Making Descansos

We’ll Gather Lilacs
March 10, 2007, 3:17 am
Filed under: Grand Tour

Darryl England

We’ll gather lilacs in the spring again
And walk together down an English lane
Until our hearts have learned to sing again
When you come home once more
And in the evening by the firelight’s glow
You’ll hold me close and never let me go
Your eyes will tell me all I need to know
When you come home once more
We’ll gather lilacs in the spring again
And walk together down an English lane
Until our hearts have learned to sing again
When you come home once more
And in the evening by the firelight’s glow
You’ll hold me tight and never let me go
Your eyes will tell me all I want to know
When you come home once more
When you come home once more
When you come home once more

Sissinghurst Spring 2001

Photographs by Heather Blakey England 2001

Dear Mum,
I am not quite sure where to begin because we seem to have been seeing so much. Often of a day I take the time to make some notes in little notebooks I have in my bag. At the stunning Audley End, the home that had housed the King in the days when Henry VIII was King I thought I spied some Jane Austen figures scurry by. I noted that they had created Elysian gardens in a quiet corner. The word Elysian means ‘the abode of the blessed dead’ implying a place of perfect happiness. Shaded by the massive beech trees, her arms splayed out across the grass leading to the river bank, with croqus growing nearby, I believed I had found the perfect place to stop and rest awhile. But then there have been so many places like this – tranquil spots that John Constable painted.

I sought the muse in the twisted alley ways of Cambridge but only saw the famous colleges charging admittance to look at their halls and treasures. The tranquility of the river, the Backs, was shattered by chauffeupunts seeking custom. But then the bicycles whizzed by and I do declare the muse would surely have a bicycle in Cambridge.

Colchester proved to have many secrets. I was delighted to find that it was the home of Old King Cole ( who turned out to have been a mercenary), Humpty Dumpty ( a Royalist Soldier who was shot at the tower on the old Roman Wall) and the author of Twinkle Twinkle Little Star. Colchester is full of those medieval, Tudor cottages and buildings that we have all seen on postcards. They are a visual delight, their quaint warped shapes a mystery. The medieval Suffolk wool town of Lavenham is filled with these beauties – but then so is half of England.

Too good for those English :-).

Much Hadham, where we are staying is also a quaint village with a string of these black beamed buildings. Rudyard Kipling wrote that the motorcar was a time machine in which centuries slid by, like milestones revealing England…. a land full of stupefying marvels and mysteries.

For Kipling, a day in the English countryside was like a day in some fairy museum where all the exhibits are alive and real.This sums up exactly how I have felt coming to England, seeing the enchanting architecture, exploring the country lanes is like going in to a timecapsule and finding all the places that filled my imagination as a child. A builder’s nightmare, there is not one straight line to be found. But all the romantic dreams of the olde worlde Englishness have been realised. Before my eyes are the black beams, russet bricks, white clapboard, tall chimneys, leaded windows and swags of greenery. Huge roses trace the doorways, inviting one to enter through the arched doorway, through the heavy wooden doors. Cobbles the size of eagle’s eggs; I walk around a corner to find the loveliest of church squares.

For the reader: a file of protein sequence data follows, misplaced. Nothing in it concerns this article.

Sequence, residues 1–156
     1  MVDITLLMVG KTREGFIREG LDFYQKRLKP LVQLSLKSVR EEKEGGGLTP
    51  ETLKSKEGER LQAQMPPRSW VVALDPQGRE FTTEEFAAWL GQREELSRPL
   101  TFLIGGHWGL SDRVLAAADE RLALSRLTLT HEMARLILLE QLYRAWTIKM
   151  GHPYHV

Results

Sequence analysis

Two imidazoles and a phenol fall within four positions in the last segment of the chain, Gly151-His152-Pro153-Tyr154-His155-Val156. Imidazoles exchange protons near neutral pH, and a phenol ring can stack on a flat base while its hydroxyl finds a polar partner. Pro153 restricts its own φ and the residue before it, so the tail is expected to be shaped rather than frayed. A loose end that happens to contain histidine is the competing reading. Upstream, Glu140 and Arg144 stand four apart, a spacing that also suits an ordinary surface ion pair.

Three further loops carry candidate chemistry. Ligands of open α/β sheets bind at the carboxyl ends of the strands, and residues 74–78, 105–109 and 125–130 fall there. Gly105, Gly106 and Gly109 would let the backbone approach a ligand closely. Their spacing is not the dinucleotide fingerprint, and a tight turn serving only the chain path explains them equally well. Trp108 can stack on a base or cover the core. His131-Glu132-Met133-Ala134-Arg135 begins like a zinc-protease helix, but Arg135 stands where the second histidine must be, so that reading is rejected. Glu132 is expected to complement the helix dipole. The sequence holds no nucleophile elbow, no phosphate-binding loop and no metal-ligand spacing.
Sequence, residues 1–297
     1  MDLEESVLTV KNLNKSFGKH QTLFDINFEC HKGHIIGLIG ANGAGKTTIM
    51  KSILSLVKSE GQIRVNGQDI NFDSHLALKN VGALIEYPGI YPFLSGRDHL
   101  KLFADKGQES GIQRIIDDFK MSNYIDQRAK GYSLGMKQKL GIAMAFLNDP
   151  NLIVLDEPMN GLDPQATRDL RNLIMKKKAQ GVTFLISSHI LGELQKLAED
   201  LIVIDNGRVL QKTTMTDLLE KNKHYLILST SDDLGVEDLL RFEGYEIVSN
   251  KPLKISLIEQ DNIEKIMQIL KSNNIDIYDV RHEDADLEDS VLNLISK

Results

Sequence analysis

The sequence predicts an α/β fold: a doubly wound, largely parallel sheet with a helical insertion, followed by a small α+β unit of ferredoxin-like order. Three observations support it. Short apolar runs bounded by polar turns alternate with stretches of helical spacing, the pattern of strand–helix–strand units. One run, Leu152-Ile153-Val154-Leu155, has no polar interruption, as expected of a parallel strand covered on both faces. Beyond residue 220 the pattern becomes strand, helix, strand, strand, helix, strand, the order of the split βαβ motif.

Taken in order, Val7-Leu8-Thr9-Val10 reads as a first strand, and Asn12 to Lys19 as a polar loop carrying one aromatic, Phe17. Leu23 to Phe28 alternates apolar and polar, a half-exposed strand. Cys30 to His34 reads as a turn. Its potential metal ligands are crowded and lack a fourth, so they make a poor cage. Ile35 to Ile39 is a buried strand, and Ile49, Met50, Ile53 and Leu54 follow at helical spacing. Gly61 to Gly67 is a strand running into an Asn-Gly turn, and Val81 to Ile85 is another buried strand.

As I have turned another corner to be confronted by a building that dates back to AD something or other I have been awed by the feet that have passed this way. Even the trees are ancient, massive, with dense green foliage that shades the living and the dead. The history is fascinating – has come alive now that I can see where it all took place – and to think that we have barely begun to scratch the surface, barely begun our adventure. These ancient places remind me that despite the vicisssitudes of tides, weather, silt and shingle the essence endures. Each day I am left with a surreal sensation that I have swallowed the contents of a bottle labelled ‘Drink Me’ and have shrunk, like Alice, to wander in miniature through the villages of England.

Apart from taking photographs and writing daily journal entries and letters to my mother during our six months away, I meticulously kept visual scrapbooks of ephemera that I picked up during my travels. Whenever I travel I do this and my books are becoming more sophisticated with time. Now I would have to include some sketches and drawings as well.

all my love

6 Comments so far
Leave a comment

So much is familiar and so much new in this. My father’s English village was not much changed when we first visited in 1969. Thank you, Heather.

Comment by Frances Sbrocchi

This is such a beautiful post, full of wonderful memories. You mother would have loved these travelogues coming to her regularly. Just perfect, picture book perfect, as they say!

Comment by imogen88

Such wonderful memories. Oh, Heather, how much they must mean to you now. You can relive your journey over and over in your mind, and with the reliving will come renewed joy.

Comment by Vi

What an adventure-what a life-
thank you for sharing it with us
Love From
Anita Marie

Comment by Anita Marie

Thank you for allowing us to share in your memories…….

Comment by marimann

these images make me homesick, Heather. It’s a long time since I had the chance to travel as a tourist in my homeland. Thank you for reminding me of the beauty that is there to those who seek and look with open eyes

Comment by Traveller

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